Pain is a part of life. Sometimes it’s a big part, and sometimes it isn’t, but either way, it’s a part of the big puzzle, the deep music, the great game. Pain does two things: It teaches you, tells you that you’re alive. Then it passes away and leaves you changed. It leaves you wiser, sometimes. Sometimes it leaves you stronger. Either way, pain leaves its mark, and everything important that will ever happen to you in life is going to involve it in one degree or another.”

This pain, right now and in your face, is fleeting. This sadness. This sorrow and difficulty.

Soon  – Grace will return to it’s full light. To shine on the things that we do right. On the souls that occupy our heart. That should occupy our heart. The ones that have earned places.

On the gains, instead of the losses.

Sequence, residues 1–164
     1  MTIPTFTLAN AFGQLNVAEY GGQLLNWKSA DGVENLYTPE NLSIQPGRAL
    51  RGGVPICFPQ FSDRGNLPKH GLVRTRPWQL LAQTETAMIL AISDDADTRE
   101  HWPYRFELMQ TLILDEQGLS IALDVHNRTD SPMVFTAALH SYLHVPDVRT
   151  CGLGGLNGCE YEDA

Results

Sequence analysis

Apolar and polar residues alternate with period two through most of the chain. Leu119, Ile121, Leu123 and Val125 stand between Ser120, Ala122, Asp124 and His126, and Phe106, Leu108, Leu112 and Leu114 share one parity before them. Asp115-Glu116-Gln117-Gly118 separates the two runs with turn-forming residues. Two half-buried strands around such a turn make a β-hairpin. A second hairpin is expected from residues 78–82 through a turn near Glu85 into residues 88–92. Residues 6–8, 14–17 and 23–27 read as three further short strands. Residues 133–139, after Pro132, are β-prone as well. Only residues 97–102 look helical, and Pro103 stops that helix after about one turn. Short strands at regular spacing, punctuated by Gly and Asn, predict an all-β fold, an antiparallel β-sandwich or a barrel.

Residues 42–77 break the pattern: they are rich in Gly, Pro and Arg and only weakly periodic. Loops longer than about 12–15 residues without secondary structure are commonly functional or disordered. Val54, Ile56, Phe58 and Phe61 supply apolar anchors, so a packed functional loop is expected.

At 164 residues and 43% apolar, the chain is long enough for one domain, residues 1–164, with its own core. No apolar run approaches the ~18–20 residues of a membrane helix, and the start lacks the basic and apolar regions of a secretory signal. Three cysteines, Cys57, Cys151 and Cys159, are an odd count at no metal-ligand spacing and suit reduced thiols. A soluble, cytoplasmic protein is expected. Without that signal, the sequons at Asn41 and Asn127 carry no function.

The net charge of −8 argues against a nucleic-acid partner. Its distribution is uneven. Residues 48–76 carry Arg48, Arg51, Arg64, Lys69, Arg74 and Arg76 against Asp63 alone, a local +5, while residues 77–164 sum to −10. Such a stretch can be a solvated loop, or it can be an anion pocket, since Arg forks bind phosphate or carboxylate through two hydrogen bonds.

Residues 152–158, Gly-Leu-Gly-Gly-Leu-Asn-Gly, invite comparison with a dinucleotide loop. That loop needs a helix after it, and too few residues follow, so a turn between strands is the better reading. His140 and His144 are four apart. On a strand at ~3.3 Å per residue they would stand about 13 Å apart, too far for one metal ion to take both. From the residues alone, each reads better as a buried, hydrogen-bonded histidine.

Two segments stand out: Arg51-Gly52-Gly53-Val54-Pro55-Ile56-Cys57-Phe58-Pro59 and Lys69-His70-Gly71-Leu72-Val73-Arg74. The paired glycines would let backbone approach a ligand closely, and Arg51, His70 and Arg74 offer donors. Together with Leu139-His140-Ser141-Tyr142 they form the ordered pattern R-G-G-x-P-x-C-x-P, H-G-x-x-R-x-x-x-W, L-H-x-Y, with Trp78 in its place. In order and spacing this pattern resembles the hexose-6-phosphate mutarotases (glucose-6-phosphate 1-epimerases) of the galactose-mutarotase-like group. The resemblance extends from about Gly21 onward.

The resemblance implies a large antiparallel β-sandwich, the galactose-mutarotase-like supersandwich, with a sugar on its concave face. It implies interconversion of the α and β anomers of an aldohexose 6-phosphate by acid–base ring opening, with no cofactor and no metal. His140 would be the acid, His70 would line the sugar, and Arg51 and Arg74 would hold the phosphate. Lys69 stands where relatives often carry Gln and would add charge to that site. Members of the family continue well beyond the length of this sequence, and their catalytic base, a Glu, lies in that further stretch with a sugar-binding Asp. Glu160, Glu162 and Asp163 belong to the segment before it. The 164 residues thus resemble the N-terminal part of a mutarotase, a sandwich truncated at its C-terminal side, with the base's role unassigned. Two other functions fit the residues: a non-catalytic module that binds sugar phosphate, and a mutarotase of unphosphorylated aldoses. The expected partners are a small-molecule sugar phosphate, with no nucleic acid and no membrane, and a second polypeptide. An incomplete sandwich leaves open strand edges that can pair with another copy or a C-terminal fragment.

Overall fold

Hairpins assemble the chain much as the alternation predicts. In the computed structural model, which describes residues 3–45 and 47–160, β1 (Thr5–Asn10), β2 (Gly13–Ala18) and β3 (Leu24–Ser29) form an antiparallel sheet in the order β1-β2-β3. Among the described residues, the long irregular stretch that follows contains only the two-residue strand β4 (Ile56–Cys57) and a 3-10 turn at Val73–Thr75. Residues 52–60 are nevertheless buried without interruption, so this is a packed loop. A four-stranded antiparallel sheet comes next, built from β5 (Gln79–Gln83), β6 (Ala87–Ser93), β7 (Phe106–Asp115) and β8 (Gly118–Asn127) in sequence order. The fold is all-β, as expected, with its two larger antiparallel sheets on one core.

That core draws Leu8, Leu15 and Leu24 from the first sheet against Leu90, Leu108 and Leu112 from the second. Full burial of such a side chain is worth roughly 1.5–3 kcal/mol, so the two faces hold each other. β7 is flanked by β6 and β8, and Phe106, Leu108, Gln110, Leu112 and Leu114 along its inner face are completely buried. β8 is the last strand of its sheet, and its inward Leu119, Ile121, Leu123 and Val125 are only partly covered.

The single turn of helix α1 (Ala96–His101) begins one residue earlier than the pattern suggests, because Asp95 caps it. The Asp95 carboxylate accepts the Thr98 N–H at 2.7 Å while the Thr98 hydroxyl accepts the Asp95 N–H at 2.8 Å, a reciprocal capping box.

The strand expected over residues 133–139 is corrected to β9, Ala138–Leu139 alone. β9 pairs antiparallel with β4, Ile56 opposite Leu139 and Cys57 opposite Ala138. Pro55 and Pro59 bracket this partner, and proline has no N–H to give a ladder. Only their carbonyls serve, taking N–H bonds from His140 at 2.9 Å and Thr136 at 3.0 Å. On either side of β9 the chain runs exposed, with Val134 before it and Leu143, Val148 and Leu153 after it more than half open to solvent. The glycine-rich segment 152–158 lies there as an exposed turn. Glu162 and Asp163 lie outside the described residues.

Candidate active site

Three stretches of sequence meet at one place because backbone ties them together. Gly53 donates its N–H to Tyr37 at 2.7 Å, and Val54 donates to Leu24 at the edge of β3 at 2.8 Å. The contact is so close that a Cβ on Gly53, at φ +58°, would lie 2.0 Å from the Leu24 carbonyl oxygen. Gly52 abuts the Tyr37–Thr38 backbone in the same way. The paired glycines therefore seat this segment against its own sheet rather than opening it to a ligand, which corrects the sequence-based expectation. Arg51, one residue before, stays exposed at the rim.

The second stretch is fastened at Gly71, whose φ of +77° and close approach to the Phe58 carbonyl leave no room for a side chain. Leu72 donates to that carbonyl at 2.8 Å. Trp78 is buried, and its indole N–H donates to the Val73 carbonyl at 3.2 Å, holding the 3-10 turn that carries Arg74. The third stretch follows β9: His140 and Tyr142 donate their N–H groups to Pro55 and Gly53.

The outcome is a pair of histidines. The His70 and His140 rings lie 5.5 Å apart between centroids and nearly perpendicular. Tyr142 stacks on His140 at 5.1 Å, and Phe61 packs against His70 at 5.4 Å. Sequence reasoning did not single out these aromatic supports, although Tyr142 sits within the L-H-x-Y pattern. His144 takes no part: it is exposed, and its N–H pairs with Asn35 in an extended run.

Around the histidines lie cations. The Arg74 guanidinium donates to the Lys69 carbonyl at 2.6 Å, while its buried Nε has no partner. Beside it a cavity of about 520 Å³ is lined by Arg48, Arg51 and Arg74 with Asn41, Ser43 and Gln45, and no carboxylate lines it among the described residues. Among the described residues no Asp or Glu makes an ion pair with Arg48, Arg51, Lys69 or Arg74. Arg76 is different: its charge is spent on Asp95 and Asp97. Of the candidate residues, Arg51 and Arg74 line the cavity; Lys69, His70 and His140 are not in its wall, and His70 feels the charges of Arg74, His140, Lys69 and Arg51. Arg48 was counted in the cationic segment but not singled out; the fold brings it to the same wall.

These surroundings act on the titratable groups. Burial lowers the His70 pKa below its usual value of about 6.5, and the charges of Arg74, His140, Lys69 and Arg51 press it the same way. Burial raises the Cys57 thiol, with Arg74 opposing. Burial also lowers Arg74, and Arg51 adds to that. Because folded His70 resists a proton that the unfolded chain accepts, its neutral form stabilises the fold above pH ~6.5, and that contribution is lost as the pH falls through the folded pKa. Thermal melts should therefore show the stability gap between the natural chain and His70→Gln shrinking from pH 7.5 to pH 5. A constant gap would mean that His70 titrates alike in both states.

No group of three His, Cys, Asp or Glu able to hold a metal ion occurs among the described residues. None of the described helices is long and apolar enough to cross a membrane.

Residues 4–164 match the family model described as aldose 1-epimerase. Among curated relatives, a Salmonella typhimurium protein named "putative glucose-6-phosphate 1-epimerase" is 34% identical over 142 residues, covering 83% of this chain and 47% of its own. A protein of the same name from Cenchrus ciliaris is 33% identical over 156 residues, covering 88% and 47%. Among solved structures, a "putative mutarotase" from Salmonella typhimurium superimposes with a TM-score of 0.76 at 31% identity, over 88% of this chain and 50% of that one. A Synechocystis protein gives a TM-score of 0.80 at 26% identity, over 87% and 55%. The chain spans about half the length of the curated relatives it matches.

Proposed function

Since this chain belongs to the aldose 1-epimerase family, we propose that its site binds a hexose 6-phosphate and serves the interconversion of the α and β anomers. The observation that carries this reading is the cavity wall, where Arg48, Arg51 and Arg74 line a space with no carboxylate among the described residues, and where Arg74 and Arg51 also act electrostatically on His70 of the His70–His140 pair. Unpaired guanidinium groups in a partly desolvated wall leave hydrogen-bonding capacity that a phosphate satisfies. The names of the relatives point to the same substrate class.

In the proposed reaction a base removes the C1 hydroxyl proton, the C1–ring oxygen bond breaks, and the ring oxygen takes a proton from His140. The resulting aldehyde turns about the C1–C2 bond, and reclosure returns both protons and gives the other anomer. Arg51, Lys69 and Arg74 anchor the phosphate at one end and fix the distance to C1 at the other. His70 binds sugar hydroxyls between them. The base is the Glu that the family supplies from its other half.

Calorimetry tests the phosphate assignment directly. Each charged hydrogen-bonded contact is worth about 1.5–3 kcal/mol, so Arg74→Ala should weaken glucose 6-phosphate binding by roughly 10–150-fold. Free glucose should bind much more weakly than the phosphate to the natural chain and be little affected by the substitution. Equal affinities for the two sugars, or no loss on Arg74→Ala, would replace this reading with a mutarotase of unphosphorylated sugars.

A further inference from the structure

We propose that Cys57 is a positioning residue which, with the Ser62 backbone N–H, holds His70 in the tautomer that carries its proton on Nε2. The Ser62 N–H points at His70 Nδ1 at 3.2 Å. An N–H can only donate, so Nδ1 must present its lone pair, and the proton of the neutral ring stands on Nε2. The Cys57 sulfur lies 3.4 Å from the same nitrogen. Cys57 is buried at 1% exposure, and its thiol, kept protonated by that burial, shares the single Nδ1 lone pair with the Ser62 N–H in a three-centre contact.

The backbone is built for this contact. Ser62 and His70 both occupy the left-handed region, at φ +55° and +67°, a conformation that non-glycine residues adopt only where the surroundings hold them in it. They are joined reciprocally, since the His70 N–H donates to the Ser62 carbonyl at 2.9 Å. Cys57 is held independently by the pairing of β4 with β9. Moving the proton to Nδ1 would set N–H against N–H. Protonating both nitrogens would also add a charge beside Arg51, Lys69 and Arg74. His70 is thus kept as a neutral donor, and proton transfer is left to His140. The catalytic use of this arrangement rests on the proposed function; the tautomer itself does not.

Hang on. Just for one moment more. Wait for Grace. It is always there, it never really leaves, I promise. It is just hidden, by ourselves sometimes. So wait till you see it again.

For the clouds in your head to clear a bit.

Hang on.

Quote is from The Dresden Files by Jim Butcher

Life and loss

They say it gets easier with time. It really doesn’t. You just learn to live with it. You make a little space in your soul for the loss. The missing. The profound ache.

You make a little space in your head for the memories. The sound of them. The smell of them. And you visit it, sometimes.

You fill up the void they leave behind with life and noise and tears and people. But it never moulds completely to the void.

Blommie. Life is too short. I am so very sorry your mommy had to suffer. But she is with her God now. In His hands, healed and whole.

Blommie. Life is too short. Hold onto what is left behind with everything you have.

Make your space. In your head and in your soul. Your mommy will always live there.